A specific example will now be presented to illustrate the apparatus and methods in accordance with the preferred embodiments. Referring to FIG. 11, a sample HTML file is shown. This specific HTML file is a JSP file called Example.jsp. This file specifies the following HTML elements: SELECTINDEX, FULLNAME, AGE, EMPLOYER, and TYPE. Each of these HTML elements have a corresponding value. We now assume that the HTML to DB converter 131 within the HTML/DB translation mechanism 128 now operates on the Example.jsp file of FIG. 11 according to the steps of method 500 shown in FIG. 5. A database table 126 is created with columns that correspond to the HTML elements in the specified HTML file. The resulting table Example.dbf is shown in FIG. 12, with the COLUMN NAME column having entries that are the same names as the HTML elements in the corresponding HTML file of FIG. 11. Note that these elements have the same values as their corresponding HTML elements in the HTML file of FIG. 11. Their type is also indicated (text or integer, for this example), and associated information is also included. Database table 126 shown in FIG. 12 includes records 1210, 1220, 1230, 1240, 1250, 1260 and 1270. Note that there are blank columns at records 1210 and 1270 that only have associated information. This associated information at record 1210 is the portion of the HTML file in FIG. 1I that precedes the first HTML element that appears as a column in the table. The associated information at record 1270 is the portion of the HTML file in FIG. 11 that follows the last HTML element that appears as a column in the table. This associated information is necessary to allow the reconstruction of an HTML file from the database table. Note that other blank entries with associated information could also be placed in the database table between the records that correspond to the HTML elements if such information is contained in the HTML file.
A sample SQL “update” statement is shown in FIG. 13. We assume for this example that an employee's name and age information needs to be updated. For this specific example, we assume that John Doe's last name was originally misspelled Doe rather than its correct spelling Dough, and that John Dough's age needs to be updated from 25 to 26. The SQL “update” statement of FIG. 13 specifies that the FULLNAME and AGE HTML elements in the HTML file Example.jsp be updated. In response, the SQL statement processor substitutes the corresponding database table name, Example.dbf, for the Example.jsp HTML file name in the original statement in FIG. 13. At the same time, the HTML element names in FIG. 13 are replaced by the corresponding database column names in FIG. 14. Note for this specific example that the names of the HTML elements and corresponding database columns are identical (namely, FULLNAME, AGE and TYPE). Once the SQL query has been processed to substitute the database table name and column names for the HTML file name and HTML elements, the query can now be processed using prior art techniques. For the SQL query of FIG. 14 and the Example.dbf database table of FIG. 12, the results are shown in the database table Example.dbf of FIG. 15. Note that the spelling of John Doe has been updated to John Dough, and that the age has been updated from 25 to 26.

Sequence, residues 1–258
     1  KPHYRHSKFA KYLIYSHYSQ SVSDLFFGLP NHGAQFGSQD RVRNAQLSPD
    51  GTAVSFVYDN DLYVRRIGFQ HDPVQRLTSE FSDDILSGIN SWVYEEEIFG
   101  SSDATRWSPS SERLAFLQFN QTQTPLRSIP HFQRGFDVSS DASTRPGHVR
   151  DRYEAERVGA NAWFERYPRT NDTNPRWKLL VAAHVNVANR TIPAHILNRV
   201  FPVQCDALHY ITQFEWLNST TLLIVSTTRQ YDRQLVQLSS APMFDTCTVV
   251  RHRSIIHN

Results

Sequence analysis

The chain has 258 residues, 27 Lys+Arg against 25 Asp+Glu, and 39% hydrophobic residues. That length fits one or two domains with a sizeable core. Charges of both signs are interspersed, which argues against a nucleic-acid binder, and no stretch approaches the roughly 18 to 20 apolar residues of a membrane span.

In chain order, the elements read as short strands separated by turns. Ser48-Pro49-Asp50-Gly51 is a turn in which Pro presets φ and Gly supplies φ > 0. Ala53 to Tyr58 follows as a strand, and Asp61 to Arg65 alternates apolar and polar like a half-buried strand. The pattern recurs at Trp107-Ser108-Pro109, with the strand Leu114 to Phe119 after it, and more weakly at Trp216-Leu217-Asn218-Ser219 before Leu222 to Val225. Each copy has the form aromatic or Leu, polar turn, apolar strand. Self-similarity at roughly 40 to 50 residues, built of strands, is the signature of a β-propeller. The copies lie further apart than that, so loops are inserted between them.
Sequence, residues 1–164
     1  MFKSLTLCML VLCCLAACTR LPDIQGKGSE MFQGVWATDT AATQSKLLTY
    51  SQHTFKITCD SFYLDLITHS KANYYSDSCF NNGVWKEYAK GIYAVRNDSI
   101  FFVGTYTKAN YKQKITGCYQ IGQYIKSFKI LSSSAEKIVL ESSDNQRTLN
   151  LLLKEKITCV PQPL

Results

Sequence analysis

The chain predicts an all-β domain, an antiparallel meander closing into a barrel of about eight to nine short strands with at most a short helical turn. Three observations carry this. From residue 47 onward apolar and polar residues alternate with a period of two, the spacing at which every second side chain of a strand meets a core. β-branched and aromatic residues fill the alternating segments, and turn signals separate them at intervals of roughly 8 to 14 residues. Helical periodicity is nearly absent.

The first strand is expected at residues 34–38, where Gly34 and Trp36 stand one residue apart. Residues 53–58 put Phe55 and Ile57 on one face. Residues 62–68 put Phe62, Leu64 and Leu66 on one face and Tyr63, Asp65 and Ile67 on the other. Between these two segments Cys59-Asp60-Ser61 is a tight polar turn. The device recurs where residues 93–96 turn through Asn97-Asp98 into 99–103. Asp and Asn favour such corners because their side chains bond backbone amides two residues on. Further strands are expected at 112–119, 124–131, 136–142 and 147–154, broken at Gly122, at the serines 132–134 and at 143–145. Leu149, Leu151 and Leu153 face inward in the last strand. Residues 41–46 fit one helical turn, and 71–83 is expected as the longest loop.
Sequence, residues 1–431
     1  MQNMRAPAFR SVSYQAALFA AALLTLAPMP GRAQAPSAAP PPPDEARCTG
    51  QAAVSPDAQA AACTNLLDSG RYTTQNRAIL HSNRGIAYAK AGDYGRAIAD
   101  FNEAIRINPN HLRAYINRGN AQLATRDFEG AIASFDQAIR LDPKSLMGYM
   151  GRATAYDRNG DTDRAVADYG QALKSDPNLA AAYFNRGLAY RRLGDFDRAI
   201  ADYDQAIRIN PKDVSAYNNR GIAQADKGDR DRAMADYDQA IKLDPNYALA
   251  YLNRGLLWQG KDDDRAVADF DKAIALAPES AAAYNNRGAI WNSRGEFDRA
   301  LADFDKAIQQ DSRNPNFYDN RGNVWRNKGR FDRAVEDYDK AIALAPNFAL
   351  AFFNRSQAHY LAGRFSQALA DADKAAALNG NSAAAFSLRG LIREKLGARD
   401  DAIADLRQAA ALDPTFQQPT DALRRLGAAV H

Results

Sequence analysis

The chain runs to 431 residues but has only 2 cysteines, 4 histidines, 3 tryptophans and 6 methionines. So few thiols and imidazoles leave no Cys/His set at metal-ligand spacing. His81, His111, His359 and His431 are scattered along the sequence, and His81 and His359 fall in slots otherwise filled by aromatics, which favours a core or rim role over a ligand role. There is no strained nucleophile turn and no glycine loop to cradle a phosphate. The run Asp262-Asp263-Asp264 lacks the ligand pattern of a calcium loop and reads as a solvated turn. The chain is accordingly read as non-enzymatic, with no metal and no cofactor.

Because the database table has been updated, the new information must now be reflected in the corresponding HTML file. This updating is done by the DB to HTML converter 132 of FIG. 1 performing the steps shown in FIG. 10, resulting in the updated Example.jsp file shown in FIG. 16. Note that this file has the FULLNAME value as “John Dough” at 1610, and the age value as “26” at 1620. The Example.jsp file has thus been updated to reflect the changes to the Example.dbf table in FIG. 15.
The present invention described above with reference to the preferred embodiments provides an apparatus and method for accessing data in HTML files using an SQL query. By building support for accessing data in HTML files into SQL, all of the powerful tools already defined for SQL may be used to retrieve and manipulate data within HTML files. In addition, building support for accessing data in HTML files into SQL results in a powerful way to access HTML files in a platform-independent manner.
One skilled in the art will appreciate that many variations are possible within the scope of the present invention. Thus, while the invention has been particularly shown and described with reference to preferred embodiments thereof, it will be understood by those skilled in the art that these and other changes in form and details may be made therein without departing from the spirit and scope of the invention.
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|US20110214118 *||Sep 1, 2011||James Antill||Systems and methods for generating and storing translation information as package metadata|
|US20140025694 *||Jun 10, 2013||Jan 23, 2014||International Business Machines Corporation||Database query language gateway|
|U.S. Classification||1/1, 707/E17.108, 707/E17.006, 715/234, 707/999.004, 707/999.102, 707/999.005, 707/999.01|
|Cooperative Classification||Y10S707/99943, Y10S707/99934, Y10S707/99935, G06F17/30427, G06F17/30569, G06F17/30864, G06F17/30595|
|European Classification||G06F17/30S5V, G06F17/30W1, G06F17/30S4P2, G06F17/30S8R|
|Apr 28, 2000||AS||Assignment|
Owner name: INTERNATIONAL BUSINESS MACHINES CORPORATION, NEW Y
Free format text: ASSIGNMENT OF ASSIGNORS INTEREST;ASSIGNORS:BATES, CARY LEE;DAY, PAUL REUBEN;SANTOSUOSSO, JOHN MATTHEW;REEL/FRAME:010772/0510
Effective date: 20000427
|Jan 4, 2005||CC||Certificate of correction|